Fibonacci Numbers

克勞棣, CC BY-SA 4.0, via Wikimedia Commons

The Fibonacci numbers were not created specifically for roulette, but they have been used to create a betting system that is designed to help players manage their bankroll and recoup losses quickly.

A man named Leonardo Pisano Bigollo is credited with coming up with the sequence, although everyone called him by his nickname, Fibonacci. In actual fact, there is evidence that the sequence was known about in India hundreds of years before Fibonacci was even born (in 1170), but we are getting off the point.

Back to the system.

Like almost all other systems, this one is designed to be used on even money bets only, so red/black, even/odd, high/low.

Less aggressive than the Martingale and arguably more complicated than the Labouchere, it requires a pretty good head for numbers, although you don’t need to be a maths genius. There is just a lot of number tracking going on.

It is another negative progression system since the player has to increase their bet after a loss, and reduce it after a win.

How Does the Fibonacci System Work in Roulette?

Roulette Wheel

The Fibonacci sequence is nice and easy to understand.

It follows the rule that the next number should be the sum of the previous two; so if the last two numbers in the sequence were 2 and 3, the next number would be 5, then 8, then 13, and so on.

Starting from zero, it looks like this:

  • 0, 1 , 1, 2, 3, 5, 8, 13, 21, 34, 55, 89, 144, 233, 377 etc.

The sequence is infinite, and you can see how quickly the numbers climb from a very slow start.

Gamblers began applying this system to roulette by using it to dictate their stake amount depending on the result of the last spin.

Like all other systems, you need to break your bankroll into betting units to do this effectively, and for the purposes of this article we will be using £1 per betting unit, with a bankroll of £100. So we have 100 betting units, but if you had a £200 bankroll for example, you could use £2 per unit and still be playing with 100 betting units.

That said, for this roulette system it’s advisable to have a larger number of betting units as you will see.

Fibonacci Roulette System Example

Roulette BettingWhen using this system, after a loss your next bet should follow the sequence and be the sum of your previous two bets. At the beginning of the sequence this would mean two initial bets of 1 unit assuming those bets were both losers.

If your bet wins, then you jump back two places in the sequence to determine your stake on the next spin. At the beginning of the sequence, a winning bet just resets the sequence. Any time you get back to the start, this can be thought of as a successful sequence.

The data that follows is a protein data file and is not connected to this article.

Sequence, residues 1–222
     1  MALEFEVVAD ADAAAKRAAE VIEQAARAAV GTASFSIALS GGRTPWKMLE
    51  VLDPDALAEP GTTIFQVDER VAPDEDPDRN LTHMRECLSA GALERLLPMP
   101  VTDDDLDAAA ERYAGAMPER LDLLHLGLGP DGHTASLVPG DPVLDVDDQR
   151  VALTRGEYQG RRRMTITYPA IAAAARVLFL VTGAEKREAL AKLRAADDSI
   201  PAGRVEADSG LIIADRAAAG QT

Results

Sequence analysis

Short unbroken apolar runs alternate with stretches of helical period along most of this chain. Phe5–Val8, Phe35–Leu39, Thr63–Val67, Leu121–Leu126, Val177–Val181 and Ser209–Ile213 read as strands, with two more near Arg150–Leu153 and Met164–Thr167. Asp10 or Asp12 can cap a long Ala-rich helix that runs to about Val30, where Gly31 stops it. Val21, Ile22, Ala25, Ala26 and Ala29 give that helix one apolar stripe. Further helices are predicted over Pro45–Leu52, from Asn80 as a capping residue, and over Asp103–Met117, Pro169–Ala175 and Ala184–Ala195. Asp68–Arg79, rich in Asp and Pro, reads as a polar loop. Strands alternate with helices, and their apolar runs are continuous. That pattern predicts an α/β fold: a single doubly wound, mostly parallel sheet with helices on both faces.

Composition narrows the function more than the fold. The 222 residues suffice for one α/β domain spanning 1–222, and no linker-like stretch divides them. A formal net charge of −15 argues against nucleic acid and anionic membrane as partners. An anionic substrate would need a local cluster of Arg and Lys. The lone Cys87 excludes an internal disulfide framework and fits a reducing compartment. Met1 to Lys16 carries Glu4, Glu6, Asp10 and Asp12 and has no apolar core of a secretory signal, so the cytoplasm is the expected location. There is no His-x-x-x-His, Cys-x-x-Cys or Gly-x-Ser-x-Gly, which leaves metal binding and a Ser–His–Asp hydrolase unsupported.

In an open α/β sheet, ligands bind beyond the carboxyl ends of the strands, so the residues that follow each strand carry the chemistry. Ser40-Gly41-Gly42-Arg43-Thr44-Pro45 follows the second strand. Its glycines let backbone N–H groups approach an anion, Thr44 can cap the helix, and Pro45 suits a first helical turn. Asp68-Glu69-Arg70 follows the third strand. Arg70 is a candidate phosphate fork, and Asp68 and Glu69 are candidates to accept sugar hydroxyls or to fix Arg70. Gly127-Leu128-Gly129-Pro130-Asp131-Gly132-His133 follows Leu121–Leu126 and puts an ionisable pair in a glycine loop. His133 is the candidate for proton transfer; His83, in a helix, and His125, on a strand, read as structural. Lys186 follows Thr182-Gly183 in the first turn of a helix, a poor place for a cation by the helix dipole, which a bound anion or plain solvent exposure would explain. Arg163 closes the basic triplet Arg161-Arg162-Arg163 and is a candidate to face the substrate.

Here it is in table form to make things clearer:

*£1 per betting unit, bankroll of £100.

Bet Stake Result £ Lost/Won Bankroll Remaining
Bet 1 £1 Win +£1 £101
Bet 2 £1 Lose -£1 £100
Bet 3 £1 Lose -£1 £99
Bet 4 £2 Lose -£2 £97
Bet 5 £3 Lose -£3 £94
Bet 6 £5 Lose -£5 £89
Bet 7 £8 Lose -£8 £81
Bet 8 £13 Win +£13 £94
Bet 9 £5 Win +£5 £99
Bet 10 £2 Win +£2 £101

So this was a successful, albeit fairly long, sequence.

Over ten bets we had 4 wins and 6 losses but still came out ahead by 1 betting unit (£1 in our case).

On the one hand it’s very clever that the system allows you to profit despite losing more often than you win, and it is a good way to protect your bank roll over the long term, although it is a lot of effort to make 1 units worth of profit.

Even this minor profit depends on you not running into a losing streak that lasts too long of course.

A losing streak of nine or more would wipe out a 100 unit bankroll as you would only have 12 units left for bet number ten, whereas the sequence dictates you need 55 to cover your losses and get back on track.

In an ideal world, you would never have to go past bet number 6 or 7 to get back to the beginning of the sequence and make it a success, growing your bankroll incrementally.

We don’t live in an ideal world though, and it only takes one bad run to wipe out hours worth of slow and steady profits.

Questions About the Fibonacci Roulette System

Does the Fibonacci System Work for Roulette?

Ultimately the answer is no, because you will inevitably run into a losing streak that wipes you out eventually, if you don’t hit the upper table limit first.

However, it does work in theory so long as you can keep going indefinitely.

Perhaps it’s best to say that it can work in the short term if luck is on your side, but if you push it too far you will go broke.

Can you Adapt the Fibonacci System?

You can do whatever you like, but mathematically there is nothing you can do to make it more effective.

You could set yourself a maximum loss rule in order to break any long losing streaks though.

You might decide to never push it past a bet of 5 units, for example, which would mean that if you lost five bets in a row you would take the loss and start the sequence again.

This would save you from quickly spiralling losses and give your bankroll longevity, but you would be banking on the wheel to never let you down more than 5 times in a row if you were to walk away in profit.

This approach would cost 12 units overall if everything went against you (1+1+2+3+5), so you would need to complete the sequence successfully 12 more times with no more than 5 losses in a row to claw back those 12 units.

Is the Fibonacci System Against the Casino Rules?


Unlike blackjack, advantage play isn’t really possible in roulette as the odds never change – they are weighted against you regardless of what you do.

So no matter what system you want to use, it will only be blind luck if you end up ahead, and even then it counts on you walking away while you are ahead for the casino to make a real loss rather than a paper one.

That means the casino can’t lose in the long term unless you actively cheat, but that is another matter.